In recent years, it seemed that every place left vacant immediately became a new bakery in Barcelona and other Catalan cities. Mostly, these bakeries are associated with a chain of franchises such as Granier, 365, Pannus or Vivari, to name a few. After a time of expansion, it seems that the model has hit rock bottom, as recognized by the Spanish Association of Franchisors (AEF). Its annual report on the sector shows a slight decrease in the number of premises and turnover.
The 2019 and 2020 comparison of bread franchises data shows that today there is one less brand on the market: MonPa, which closed all its stores in September last year. The report also points out that there are 44 fewer establishments in Spain than last year. The sector employs 73 fewer workers and turnover has fallen by just over 13 million euros.
The closures that have made the most noise are those of Granier, as they lead to a complaint of 17 franchisees for crimes of fraud and forgery. This complaint, and the resulting problems, could increase the number of closures in the next AEF report.
Eduardo Abadía, executive director of the association, makes it clear that the model is not in crisis, that most bakeries-cafes of this type have withstood the pandemic and continue to operate, some with a readjustment of schedules. “Apart from Granier, we have no record of other bakery franchises closing,” he says. Abadía prefers to speak of “consolidation” of the sector and not of stagnation. It does not rule out, moreover, that when coronavirus restrictions are lifted, this business model may even grow again. “It is a very interesting sector for investors,” he adds.
According to the AEF’s 2020 report, with data closed at the end of 2019, there were 35 brands of bakeries, with 1,269 premises, which generated 4,470 jobs and a turnover of 279.4 million euros. A year earlier, data indicates that there were 36 brands, 1,225 premises, 4,397 workers and a turnover of 266.3 million. The decline is slight, but marks a “consolidation” of the type of business and shows that “the franchise has found a hole” in the bakery sector, according to Abadía.
In general, these establishments follow the model of franchises and most share the offer of bakery, cafeteria and wifi access so that customers can accommodate themselves in the premises, of warm design. The intention is for the user to perceive that they are consuming artisanal and quality products, although most of their offer is actually industrial.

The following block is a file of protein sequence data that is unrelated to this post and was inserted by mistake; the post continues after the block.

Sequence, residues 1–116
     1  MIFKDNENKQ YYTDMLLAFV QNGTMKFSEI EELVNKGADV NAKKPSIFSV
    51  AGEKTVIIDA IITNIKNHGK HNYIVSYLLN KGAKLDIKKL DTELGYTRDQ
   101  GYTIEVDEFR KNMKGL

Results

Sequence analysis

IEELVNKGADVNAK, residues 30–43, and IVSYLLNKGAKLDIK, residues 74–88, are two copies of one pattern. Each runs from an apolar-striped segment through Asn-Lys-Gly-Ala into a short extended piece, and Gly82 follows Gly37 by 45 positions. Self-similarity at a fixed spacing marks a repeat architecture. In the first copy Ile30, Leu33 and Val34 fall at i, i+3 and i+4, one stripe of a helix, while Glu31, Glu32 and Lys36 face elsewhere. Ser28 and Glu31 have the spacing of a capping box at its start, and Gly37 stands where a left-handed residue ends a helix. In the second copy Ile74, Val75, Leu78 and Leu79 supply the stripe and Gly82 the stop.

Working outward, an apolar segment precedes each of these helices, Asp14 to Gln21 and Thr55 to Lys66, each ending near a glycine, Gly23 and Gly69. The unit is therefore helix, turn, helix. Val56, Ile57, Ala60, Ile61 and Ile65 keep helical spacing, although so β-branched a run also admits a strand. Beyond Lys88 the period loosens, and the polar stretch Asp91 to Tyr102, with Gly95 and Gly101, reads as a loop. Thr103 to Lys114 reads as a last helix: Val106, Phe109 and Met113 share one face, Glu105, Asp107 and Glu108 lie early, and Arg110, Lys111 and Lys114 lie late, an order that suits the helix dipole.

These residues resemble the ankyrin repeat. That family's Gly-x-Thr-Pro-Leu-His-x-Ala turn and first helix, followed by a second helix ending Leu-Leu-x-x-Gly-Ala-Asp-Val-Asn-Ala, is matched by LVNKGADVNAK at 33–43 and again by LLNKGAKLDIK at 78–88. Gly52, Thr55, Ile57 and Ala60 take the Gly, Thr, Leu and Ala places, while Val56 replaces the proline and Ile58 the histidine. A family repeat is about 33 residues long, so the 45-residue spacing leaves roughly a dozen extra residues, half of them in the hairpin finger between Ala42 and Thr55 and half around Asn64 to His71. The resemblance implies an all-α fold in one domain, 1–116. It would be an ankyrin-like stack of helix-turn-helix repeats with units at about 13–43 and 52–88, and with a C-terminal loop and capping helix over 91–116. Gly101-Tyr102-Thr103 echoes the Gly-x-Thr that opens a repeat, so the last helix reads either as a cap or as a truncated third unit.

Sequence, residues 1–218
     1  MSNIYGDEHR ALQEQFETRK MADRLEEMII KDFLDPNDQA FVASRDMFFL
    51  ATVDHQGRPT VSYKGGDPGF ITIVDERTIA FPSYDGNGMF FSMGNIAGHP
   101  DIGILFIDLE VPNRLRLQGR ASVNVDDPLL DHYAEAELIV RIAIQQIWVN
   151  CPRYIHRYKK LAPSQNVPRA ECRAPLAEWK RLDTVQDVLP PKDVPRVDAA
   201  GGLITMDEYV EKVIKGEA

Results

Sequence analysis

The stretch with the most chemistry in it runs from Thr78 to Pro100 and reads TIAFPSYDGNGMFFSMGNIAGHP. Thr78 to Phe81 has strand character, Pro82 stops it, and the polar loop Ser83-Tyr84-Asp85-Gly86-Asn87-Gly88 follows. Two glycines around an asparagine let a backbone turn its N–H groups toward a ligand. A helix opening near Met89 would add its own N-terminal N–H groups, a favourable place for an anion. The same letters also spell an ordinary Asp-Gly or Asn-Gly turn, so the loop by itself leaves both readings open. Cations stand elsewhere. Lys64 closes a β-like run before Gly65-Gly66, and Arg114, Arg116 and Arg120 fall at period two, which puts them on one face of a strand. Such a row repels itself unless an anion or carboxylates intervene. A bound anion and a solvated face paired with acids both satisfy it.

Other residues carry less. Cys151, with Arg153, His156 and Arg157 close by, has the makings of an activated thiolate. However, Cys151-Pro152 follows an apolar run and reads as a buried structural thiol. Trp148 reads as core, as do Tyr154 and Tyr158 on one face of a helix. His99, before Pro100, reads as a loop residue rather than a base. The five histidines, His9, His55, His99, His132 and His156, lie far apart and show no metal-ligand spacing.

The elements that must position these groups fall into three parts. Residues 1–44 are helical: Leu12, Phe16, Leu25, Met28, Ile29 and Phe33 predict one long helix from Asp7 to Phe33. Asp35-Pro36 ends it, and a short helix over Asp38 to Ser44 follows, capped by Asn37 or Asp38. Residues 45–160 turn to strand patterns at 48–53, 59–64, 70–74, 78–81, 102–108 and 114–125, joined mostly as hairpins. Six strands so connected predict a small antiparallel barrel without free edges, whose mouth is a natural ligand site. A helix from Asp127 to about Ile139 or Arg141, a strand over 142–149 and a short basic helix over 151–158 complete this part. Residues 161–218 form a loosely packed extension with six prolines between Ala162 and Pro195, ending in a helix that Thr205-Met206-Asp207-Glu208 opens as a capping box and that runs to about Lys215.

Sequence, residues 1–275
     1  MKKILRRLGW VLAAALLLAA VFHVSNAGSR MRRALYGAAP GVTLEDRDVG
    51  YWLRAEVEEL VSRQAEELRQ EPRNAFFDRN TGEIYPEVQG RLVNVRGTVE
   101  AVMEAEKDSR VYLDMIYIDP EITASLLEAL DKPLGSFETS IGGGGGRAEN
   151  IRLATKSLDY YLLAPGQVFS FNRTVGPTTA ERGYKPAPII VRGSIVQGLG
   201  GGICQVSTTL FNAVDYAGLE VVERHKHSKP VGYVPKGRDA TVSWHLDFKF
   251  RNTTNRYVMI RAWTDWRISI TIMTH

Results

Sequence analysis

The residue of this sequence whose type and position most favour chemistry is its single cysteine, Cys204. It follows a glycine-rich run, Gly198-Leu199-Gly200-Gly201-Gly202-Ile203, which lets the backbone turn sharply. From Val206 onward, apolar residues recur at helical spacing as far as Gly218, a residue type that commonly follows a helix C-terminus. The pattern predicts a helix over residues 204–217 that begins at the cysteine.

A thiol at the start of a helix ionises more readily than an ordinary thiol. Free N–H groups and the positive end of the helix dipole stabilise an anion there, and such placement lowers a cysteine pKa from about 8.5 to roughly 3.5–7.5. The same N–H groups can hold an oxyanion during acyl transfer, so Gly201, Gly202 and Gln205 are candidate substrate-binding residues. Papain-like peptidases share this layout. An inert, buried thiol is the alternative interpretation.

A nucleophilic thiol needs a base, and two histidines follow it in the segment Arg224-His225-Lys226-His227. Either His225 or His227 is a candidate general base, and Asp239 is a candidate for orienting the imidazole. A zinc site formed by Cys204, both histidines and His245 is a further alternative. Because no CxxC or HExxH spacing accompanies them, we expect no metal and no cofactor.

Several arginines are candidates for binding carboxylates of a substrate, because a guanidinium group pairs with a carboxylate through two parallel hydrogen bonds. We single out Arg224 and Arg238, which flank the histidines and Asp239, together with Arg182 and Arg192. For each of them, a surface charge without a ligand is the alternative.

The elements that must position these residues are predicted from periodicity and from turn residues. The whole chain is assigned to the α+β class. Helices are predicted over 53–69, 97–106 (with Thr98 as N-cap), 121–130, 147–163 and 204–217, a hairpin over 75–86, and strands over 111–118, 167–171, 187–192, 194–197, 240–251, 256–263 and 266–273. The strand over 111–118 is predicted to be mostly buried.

The head of the Granier bakery and cafeteria chain, led by its owner, Juan Pedro Conde, had to testify last Tuesday in a Madrid court as being investigated for fraud following a complaint by 17 franchisees accusing them of having “ ruinous and absolutely unviable businesses ”. The franchisees complain that Granier “tricked them into starting an absolutely unviable business, making them believe in a non-existent profitability, which has led to everyone suffering immediate losses.” They also consider that the company captures the franchisees through deception, in order to “get them into a ruinous business from the beginning.” They argue that they “benefit from the amounts initially delivered by the stores and the purchases of goods that are forced to make to the company from the outset.” Granier was founded in 2006, has about 300 stores and is characterized by low prices for its products.
El Fornet, a company that has 56 own premises in Spain and makes artisanal products, explains that it has not closed any of them. In some they have had to adjust their schedules, but all remain open, even those that are on the more touristy arteries. “We have generated a brand with tradition and rooted in the local population”, argues Eva Rodríguez, marketing director of El Fornet, to explain that the shops of Fontanella or Ronda Universitat remain open despite being the ones who suffer most from the lack of tourists and office staff.